afloat, there is little danger of experiencing a negative metacentric height. The principal task, therefore, is to regain
ELIMINATE OR REDUCE LIST. Since the SW Ballast Tanks 1 and 2 and the wing void tanks are not cross-
connected, it is expected that the ship will develop a 7-10list after damage to one of those tanks. Assuming that the
spaces above the main deck have been dewatered to the greatest possible extent, the next action should be to drain any
low spaces which may be PARTIALLY full. If circumstances permit, this procedure may be applied to diesel oil as well as
any damage water which may have entered these spaces. If any spaces below the main deck are COMPLETELY full,
they are best left alone for the time being.
After these preliminary operations have been carried out, attention may be turned to further reduction of list.
Since any list after damage will be due probably to shifting of solid weight rather than negative metacentric height, the
problem is a relatively simple one for the LSV. There are several methods of reducing list and these are indicated below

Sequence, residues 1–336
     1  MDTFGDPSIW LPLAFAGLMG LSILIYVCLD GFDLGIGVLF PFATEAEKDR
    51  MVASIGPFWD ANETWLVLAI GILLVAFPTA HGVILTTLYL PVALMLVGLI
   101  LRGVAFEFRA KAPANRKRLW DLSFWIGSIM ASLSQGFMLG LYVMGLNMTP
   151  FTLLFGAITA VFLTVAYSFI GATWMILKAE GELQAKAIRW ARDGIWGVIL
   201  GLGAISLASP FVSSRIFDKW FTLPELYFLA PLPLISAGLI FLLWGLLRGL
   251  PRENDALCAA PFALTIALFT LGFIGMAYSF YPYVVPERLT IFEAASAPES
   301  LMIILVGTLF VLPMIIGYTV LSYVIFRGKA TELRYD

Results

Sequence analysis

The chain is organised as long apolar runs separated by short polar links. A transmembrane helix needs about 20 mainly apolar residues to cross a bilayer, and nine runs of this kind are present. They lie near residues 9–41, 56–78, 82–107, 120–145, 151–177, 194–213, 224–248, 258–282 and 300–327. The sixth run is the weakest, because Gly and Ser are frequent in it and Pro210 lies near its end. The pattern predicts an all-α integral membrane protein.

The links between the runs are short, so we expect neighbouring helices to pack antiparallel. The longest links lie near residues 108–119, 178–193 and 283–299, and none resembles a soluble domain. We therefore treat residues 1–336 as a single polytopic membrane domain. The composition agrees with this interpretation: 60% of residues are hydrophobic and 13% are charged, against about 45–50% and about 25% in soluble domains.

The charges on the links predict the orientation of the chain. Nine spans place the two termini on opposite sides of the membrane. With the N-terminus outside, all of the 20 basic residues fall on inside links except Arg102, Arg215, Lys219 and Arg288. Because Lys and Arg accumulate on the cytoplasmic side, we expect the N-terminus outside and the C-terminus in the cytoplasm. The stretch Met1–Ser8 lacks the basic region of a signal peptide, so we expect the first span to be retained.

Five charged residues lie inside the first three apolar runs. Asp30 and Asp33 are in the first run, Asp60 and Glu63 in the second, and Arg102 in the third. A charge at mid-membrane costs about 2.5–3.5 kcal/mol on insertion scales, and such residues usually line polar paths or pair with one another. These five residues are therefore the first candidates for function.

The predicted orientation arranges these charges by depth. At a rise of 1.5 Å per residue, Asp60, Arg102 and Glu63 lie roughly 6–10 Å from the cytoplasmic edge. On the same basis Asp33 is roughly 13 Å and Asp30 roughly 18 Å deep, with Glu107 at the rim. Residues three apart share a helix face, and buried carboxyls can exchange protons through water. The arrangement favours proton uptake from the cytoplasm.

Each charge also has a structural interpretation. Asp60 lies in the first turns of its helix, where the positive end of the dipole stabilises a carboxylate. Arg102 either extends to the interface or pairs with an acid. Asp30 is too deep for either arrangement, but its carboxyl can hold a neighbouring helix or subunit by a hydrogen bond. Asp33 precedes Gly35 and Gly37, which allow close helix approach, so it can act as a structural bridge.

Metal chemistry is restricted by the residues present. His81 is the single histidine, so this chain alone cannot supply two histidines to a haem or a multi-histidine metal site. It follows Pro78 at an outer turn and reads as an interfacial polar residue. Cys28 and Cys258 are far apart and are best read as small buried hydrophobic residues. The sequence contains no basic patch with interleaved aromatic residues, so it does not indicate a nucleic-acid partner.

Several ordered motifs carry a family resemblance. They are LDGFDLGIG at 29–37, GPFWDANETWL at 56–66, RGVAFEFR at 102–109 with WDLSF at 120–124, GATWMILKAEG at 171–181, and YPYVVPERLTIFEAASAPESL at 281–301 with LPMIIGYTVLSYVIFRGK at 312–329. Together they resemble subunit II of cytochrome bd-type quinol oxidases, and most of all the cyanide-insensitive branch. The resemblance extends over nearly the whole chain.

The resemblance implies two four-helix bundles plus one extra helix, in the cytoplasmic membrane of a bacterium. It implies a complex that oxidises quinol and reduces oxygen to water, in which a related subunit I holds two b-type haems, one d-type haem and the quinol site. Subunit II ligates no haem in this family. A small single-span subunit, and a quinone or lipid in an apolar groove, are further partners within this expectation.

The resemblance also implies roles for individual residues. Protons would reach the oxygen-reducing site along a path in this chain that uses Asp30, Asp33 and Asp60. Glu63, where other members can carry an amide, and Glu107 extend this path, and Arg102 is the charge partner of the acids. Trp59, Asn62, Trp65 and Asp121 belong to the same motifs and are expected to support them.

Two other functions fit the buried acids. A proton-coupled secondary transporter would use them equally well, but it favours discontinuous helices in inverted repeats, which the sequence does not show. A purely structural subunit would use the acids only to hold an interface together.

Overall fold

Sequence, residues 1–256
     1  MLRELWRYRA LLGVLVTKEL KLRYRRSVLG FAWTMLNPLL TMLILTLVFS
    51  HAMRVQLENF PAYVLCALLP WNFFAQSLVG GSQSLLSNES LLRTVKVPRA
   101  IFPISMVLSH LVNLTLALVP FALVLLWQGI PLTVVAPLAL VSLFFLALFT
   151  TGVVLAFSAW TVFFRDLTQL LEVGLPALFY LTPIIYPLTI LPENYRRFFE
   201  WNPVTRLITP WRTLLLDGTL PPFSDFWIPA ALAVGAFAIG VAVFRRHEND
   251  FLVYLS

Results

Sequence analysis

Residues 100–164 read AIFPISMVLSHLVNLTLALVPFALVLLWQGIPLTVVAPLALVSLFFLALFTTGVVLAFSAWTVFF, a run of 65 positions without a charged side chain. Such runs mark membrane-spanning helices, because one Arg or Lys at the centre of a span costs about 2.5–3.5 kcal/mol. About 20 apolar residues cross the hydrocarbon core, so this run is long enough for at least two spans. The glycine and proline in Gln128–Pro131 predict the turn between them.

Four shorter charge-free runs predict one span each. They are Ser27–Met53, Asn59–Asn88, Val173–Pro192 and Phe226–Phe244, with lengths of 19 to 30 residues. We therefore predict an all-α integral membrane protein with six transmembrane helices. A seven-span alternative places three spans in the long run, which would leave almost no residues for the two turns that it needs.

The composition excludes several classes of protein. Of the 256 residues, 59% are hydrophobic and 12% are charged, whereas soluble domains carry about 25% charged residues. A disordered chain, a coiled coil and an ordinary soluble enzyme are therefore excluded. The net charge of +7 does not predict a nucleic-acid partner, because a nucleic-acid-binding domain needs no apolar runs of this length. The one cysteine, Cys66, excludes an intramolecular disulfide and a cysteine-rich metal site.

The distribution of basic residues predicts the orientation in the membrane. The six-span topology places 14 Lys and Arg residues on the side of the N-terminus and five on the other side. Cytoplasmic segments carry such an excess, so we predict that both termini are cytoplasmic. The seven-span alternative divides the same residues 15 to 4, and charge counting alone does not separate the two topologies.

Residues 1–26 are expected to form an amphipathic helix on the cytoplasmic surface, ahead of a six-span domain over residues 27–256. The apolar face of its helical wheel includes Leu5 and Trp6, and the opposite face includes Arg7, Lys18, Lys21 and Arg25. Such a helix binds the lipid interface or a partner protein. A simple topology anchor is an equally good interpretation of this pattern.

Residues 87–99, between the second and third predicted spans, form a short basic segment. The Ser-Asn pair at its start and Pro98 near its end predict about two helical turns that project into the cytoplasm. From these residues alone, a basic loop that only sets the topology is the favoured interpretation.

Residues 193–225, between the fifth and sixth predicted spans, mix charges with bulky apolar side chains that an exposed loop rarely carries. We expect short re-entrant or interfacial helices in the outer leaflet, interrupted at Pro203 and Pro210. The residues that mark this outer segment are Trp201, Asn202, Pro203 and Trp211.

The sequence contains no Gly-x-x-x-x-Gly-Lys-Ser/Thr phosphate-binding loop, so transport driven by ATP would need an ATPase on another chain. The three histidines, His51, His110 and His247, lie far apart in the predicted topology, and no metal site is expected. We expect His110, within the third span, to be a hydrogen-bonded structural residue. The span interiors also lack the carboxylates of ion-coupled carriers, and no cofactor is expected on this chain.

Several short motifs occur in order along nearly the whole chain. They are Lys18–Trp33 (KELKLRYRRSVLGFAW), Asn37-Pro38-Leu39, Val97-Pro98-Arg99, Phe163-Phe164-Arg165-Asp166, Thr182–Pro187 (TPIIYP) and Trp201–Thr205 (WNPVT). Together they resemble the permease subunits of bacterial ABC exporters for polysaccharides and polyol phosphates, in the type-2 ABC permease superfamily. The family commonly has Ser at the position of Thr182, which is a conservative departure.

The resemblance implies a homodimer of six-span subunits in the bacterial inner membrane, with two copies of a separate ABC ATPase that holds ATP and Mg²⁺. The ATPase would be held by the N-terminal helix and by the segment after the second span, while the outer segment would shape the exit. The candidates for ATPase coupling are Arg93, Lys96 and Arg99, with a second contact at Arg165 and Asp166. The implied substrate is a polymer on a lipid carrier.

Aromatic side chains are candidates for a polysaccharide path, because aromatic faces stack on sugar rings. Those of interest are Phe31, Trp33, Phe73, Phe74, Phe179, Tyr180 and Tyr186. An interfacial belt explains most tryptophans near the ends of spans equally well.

in the approximate order of desirability for the LSV. In general, any method which involves a lightening of displacement
should be favored over one which would increase displacement, particularly if structural damage has been severe or if
bad weather is prevailing at the time.
The order of procedure in this operation is to apply a transverse moment in the opposite direction to the un-
symmetrical load of EQUAL OR SMALLER magnitude. This may be done by:
Emptying a tank on the low side into the sea. The moment correction is the figure given on the Liquid
Loading Diagram (assuming the tank was completely full and is completely drained).
Shifting liquids from the low side to the high side. The transverse moment in this case is the sum of the
moment of the tank drained and the moment of the tank filled (assuming spaces are completely drained and completely
Jettisoning topside weights on the low side. The transverse moment correction is the weight in tons
multiplied by its original distance from the centerline of the ship in feet.
Shifting solid weights (cargo). The transverse moment is the weight in tons multiplied by the transverse
travel in feet.
Avoid shifting weight to a substantially higher level or flooding spaces above the main deck.
Excess weight high in the ship causes a rise in the center of gravity and subsequent degradation